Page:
The Economist on “Broken Britain”

I’m always tempted to roll my eyes and respond cynically when confronted with unqualified, fear-building statements like the “Britain is broken” refrain currently popular with the Tories. It’s too easy a statement, illustrated with anecdotal evidence, and implying that since you’re the ones claiming there’s a problem, people need you to fix it.

Of course, someone living as comfortably as me needs to be reminded that rolling our eyes and bringing out a cynical line is not really enough of a response. It’s increasingly seeming like even careful analysis, counter-examples and discussion aren’t enough either, but those of us who value those things should probably keep trying. And we need to do what we can to ensure that we’re not simply blinded by our comfort.

I was glad to see The Economist’s Through a glass darkly: Britain’s Broken Society attempting to bring some sober analysis to the table. (I don’t agree with them on the tories having the best education plans, but still…)

They rightly pick up on the issue that there is a real problem not only in the fact that societal fear is out of step with the relevant statistics, but also pick up on the ongoing issue that statistics (official or otherwise) are so rarely trusted. That’s an issue that urgently needs a solution if we’re to have a hope of meaningful discourse in the run-up to the election. Statistics can always be spun, but we need to be ready to ask the right questions rather than simply dismiss them.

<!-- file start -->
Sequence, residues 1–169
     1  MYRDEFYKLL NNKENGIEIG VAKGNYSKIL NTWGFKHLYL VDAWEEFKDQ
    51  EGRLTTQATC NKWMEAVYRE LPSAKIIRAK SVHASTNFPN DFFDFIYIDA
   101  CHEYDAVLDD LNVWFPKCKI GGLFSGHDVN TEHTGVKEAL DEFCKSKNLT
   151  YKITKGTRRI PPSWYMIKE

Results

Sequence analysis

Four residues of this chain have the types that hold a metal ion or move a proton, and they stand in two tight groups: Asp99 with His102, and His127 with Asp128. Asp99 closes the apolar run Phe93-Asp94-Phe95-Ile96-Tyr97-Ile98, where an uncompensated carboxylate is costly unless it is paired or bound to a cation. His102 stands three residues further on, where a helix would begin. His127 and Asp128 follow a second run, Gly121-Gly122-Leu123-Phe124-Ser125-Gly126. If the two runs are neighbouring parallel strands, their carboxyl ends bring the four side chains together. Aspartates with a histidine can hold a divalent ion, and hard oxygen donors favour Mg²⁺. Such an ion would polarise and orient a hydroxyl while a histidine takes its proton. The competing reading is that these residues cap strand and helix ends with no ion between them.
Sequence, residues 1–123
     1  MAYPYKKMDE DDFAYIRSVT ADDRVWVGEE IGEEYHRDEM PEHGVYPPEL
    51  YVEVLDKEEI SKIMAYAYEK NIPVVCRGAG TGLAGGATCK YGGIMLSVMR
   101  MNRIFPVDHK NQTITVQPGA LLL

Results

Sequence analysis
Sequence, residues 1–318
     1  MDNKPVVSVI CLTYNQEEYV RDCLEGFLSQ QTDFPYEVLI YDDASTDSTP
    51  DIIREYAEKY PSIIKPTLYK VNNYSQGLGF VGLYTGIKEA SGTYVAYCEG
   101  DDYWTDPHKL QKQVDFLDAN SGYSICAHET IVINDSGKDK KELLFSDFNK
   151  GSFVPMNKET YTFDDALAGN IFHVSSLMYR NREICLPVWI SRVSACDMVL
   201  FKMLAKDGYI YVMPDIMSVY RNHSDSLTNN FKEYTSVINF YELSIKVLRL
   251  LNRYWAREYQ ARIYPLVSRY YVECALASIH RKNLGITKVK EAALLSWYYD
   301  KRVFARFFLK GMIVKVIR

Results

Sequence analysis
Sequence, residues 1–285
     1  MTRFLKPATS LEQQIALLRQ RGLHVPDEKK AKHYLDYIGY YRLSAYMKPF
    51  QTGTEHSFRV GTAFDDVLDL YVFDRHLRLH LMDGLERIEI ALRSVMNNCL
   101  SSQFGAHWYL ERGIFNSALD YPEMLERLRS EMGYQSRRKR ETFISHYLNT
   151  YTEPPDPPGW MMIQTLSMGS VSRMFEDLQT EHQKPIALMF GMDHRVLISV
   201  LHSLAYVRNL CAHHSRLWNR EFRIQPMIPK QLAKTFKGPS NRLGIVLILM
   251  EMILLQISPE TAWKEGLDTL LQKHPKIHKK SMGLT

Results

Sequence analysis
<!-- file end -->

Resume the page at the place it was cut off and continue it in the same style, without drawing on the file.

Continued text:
why is it that the idea of “broken Britain” rings true with so many, when it seems far from reality? Partly, it is because people’s ideas about the state of society are simply inaccurate: the average voter reckons that four out of ten teenagers have children, for instance, whereas in fact perhaps three in a hundred do. Official statistics to the contrary are viewed with suspicion after successive governments have relentlessly massaged them.

There’s also something very striking in an anecdote about newspapers:

Newspapers were no less lurid a century ago. But there is one big change: a shift in readership from local papers to national ones.

They talk about London knife crime fears that were blown up nationwide and rarely tempered with the local knowledge and broader information that were only reported within the city. Even though everyone theoretically has access to that local information through the wonders of the internets, we retain an inability to really contextualise the stories that are so rapidly flashed in front of our eyes.

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